". . . But the past does not exist independently from the present. Indeed, the past is only past because there is a present, just as I can point to something over there only because I am here. But nothing is inherently over there or here. In that sense, the past has no content. The past -- or more accurately, pastness -- is a position. Thus, in no way can we identify the past as past." p. 15

". . . But we may want to keep in mind that deeds and words are not as distinguishable as often we presume. History does not belong only to its narrators, professional or amateur. While some of us debate what history is or was, others take it into their own hands." p. 153

Silencing the Past: Power and the Production of History (1995) by Michel-Rolph Trouillot

Wednesday, May 6, 2015

Reading Wednesday - A Crown for Cold Silver

A Crown for Cold Silver (2015 - Orbit) by Alex Marshall (a pseudonym) begins as a comic parody of grimdark fantasies.  Grimdark burlesque, because what else can a reader take away from these lines straight off the first page?

First sentence:
"It was all going so nicely, right up until the massacre."
Second sentence begins with the invocation of the thoughts of a Sir Hjortt, who hollers at an innocent little village:
"I am Sir Efrain Hjortt of Azgaroth, Fifteenth Colonel of the Crimson Empire  . . . "
 yadda yadda yadda. Followed by:
"In the names of the Pontiff of the west and the Queen of the Rest . . ." 
 and somebody called Queen Indsorith.

What kind of name is Hjortt? try it out on the tongue sometime, and dang doesn't it come out as something close to fart? soon followed by a tipica grimdark litany of preposterous mashed-up naming (such as even the title of the book!), titles, places, demons, animals, thrown on the page at random:  Azgaroth, Crimson Empire, Immaculates, weirdborn, Crimson Codices, Chainwitch, owlbats, the Cobalt General, the Five Villains, Fallen Mother, horned wolves, sun knives, etc, as well as every possible diversity of gender and match-up that can be thought of  among a variety of species and demons, religions and

cultures assembled from those in Europe and Asia -- hey, we are diverse! No faux European medieval - Renaissance fantasy for us!  But worry not -- there are no full-blooded characters here either, just the expected grimdark cutout placeholders, who, you know, are subverting the genre.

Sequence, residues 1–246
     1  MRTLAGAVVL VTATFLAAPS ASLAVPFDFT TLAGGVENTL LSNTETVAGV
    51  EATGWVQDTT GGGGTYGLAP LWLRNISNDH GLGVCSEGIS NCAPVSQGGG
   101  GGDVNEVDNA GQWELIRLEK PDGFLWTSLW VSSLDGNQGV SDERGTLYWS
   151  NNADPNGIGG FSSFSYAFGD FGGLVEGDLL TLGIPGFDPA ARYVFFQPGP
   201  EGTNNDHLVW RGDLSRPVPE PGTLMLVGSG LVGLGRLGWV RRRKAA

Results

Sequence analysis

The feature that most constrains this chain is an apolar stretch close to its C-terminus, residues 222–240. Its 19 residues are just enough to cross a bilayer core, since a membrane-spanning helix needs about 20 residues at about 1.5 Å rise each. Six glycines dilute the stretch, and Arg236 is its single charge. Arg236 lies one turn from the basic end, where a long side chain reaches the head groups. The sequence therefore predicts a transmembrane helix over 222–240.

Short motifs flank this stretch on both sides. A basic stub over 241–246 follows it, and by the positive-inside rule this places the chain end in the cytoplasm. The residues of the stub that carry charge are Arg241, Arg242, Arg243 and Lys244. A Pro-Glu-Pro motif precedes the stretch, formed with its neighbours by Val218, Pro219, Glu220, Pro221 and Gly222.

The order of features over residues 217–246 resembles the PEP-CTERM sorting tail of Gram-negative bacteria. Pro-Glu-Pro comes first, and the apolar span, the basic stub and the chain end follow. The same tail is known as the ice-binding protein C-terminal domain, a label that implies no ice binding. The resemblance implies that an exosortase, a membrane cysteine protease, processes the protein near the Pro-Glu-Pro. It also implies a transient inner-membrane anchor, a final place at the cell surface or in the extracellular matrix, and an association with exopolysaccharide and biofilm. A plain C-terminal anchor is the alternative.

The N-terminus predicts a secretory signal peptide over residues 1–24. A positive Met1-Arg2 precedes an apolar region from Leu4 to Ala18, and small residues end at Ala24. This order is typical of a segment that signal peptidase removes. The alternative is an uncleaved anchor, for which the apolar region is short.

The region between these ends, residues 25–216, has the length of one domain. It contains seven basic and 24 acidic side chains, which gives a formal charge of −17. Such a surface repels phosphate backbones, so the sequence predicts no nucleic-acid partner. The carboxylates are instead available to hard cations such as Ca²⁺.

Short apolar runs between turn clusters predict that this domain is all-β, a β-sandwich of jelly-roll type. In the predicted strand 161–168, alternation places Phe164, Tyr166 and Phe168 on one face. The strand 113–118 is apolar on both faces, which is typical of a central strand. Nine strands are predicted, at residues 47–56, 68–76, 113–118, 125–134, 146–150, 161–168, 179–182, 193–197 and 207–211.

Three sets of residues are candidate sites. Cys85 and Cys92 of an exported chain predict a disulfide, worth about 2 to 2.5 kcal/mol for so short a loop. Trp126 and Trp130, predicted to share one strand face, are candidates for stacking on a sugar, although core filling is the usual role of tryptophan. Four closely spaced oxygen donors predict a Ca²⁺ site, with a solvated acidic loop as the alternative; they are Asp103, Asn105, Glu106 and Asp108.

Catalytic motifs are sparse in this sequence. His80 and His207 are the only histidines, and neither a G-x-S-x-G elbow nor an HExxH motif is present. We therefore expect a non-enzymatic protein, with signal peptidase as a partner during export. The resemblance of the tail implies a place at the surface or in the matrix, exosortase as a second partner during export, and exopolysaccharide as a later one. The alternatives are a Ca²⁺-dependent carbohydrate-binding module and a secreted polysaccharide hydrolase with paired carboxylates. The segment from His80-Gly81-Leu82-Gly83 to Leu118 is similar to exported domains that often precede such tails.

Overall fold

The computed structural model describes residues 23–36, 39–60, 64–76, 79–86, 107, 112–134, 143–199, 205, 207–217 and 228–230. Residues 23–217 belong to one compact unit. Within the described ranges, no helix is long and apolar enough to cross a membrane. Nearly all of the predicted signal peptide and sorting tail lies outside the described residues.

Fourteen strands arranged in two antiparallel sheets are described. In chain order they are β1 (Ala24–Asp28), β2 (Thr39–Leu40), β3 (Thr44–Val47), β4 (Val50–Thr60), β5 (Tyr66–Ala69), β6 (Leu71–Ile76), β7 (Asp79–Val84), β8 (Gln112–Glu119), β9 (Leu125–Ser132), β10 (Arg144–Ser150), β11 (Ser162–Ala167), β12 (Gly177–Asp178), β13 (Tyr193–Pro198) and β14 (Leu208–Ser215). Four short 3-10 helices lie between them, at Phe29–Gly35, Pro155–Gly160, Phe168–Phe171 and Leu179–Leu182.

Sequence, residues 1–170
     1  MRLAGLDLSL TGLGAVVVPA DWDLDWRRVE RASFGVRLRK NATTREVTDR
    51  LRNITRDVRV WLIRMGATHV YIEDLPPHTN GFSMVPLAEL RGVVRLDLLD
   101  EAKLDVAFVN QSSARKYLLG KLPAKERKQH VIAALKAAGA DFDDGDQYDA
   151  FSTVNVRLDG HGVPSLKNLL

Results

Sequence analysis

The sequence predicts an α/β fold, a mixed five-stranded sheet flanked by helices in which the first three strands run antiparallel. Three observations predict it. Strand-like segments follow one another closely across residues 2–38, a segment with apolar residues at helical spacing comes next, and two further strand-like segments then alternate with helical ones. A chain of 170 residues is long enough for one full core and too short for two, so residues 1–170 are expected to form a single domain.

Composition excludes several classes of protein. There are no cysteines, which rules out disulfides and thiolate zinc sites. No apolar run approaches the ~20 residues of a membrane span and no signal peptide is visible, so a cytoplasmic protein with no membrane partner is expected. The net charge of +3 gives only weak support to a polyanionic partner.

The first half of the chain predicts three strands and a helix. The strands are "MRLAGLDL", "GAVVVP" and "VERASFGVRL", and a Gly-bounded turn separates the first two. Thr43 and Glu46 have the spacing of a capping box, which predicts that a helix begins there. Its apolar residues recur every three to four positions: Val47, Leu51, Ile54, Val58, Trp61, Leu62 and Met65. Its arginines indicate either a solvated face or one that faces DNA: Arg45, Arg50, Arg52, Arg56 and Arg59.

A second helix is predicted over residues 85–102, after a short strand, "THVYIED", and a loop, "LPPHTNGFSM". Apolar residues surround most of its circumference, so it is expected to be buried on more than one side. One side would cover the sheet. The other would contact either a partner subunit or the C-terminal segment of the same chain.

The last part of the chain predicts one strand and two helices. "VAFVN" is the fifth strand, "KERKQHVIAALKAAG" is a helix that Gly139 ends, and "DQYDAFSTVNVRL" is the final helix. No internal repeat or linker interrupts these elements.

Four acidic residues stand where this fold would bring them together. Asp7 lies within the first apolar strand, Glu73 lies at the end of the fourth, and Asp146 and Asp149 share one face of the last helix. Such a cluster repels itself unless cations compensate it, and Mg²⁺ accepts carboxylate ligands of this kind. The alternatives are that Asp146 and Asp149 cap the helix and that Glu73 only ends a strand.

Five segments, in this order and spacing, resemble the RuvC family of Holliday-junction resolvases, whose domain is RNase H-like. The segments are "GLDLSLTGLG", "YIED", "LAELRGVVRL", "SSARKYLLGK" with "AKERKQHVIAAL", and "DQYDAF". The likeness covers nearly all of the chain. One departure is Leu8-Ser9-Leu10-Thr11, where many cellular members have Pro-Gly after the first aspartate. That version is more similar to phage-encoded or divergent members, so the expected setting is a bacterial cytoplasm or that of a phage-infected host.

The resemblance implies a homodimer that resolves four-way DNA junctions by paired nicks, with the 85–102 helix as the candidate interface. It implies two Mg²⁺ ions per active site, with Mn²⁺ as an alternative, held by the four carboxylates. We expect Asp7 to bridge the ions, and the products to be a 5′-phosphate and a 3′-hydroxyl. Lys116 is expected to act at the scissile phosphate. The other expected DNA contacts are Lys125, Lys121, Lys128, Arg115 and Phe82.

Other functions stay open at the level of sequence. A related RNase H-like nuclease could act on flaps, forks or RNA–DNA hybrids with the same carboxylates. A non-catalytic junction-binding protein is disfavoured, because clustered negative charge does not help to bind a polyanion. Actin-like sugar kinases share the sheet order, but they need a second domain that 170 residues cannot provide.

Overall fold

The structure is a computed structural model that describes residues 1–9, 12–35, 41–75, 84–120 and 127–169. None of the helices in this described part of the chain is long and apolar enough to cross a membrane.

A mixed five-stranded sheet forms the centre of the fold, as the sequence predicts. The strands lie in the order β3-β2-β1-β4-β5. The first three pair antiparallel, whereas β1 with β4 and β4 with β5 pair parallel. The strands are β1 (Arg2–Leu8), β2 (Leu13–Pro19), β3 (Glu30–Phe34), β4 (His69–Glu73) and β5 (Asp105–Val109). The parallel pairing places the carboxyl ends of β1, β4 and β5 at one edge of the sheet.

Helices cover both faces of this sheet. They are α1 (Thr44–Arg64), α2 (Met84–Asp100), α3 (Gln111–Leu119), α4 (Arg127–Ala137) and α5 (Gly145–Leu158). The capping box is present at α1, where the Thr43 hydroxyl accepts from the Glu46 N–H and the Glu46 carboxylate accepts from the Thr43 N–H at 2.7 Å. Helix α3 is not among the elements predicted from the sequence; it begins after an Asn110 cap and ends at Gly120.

From the start then, present is the signature grimdark authorial self-congratulation of her/himself's witty cleverness (Some Have Said  author's editor has confirmed Alex Marshall is male).  See! my many references to the names of metal bands!  And like metal bands' "music" arrangements, lyrics and presentation, the text is bloated with faux portent, pretension and self-complacent superiority.

As well, readers see present from the first line, parody or not, the signature of grimdark, which is grimdark protagonists just cannot shut up and their narrators just cannot resist commenting. Protags and narrators talk-talk-talk everyone to death, most of all the reader.  A Crown for Cold Silver's protags and narrator are no different in this than it is in its authorial self-congratulation of her/himself's witty cleverness.

In case the reader misses the joke of parody/burlesque of grimdark self-inflation, the book is tricked out with an epigraph from Goya and his Los Caprichos:
"Friendship is the daughter of virtue. Villains may be accomplices but not friends."
The reader cannot help but connect this epigram to the title's inclusion of "cold silver" which recollects Judas sell-out of Jesus for thirty pieces of silver.  Beyond that too, this is one of the many textual moments that provokes the reader into believing the author keeps falling into being a better writers than s/he intends for this particular work.

None of this will come to the eleven-year-old male mind of a certain sort -- who will  more than likely take this book seriously and love it -- except -- O! NOOOOOOOOOOOOO!  the Cobalt General is an old lady. NO NO NO NO! O, author, so sly, so delighting in "grimdark subversion". . . .


BTW, Cold Silver also mocks Steven Brust's Vlad Tatlos Dragaeran series and the Khaavren Romances. So much to mock, so little time, one imagines Marshal thinking as s/he frantically types so many words: Burnished Chain, dunecroc, Diadem's Central Chainhouse Known as the Dens, Diadem's Jewel, Black Pope, Almighty Matron, godguana and etc.

Question: is it possible to mock what was already a mockery?

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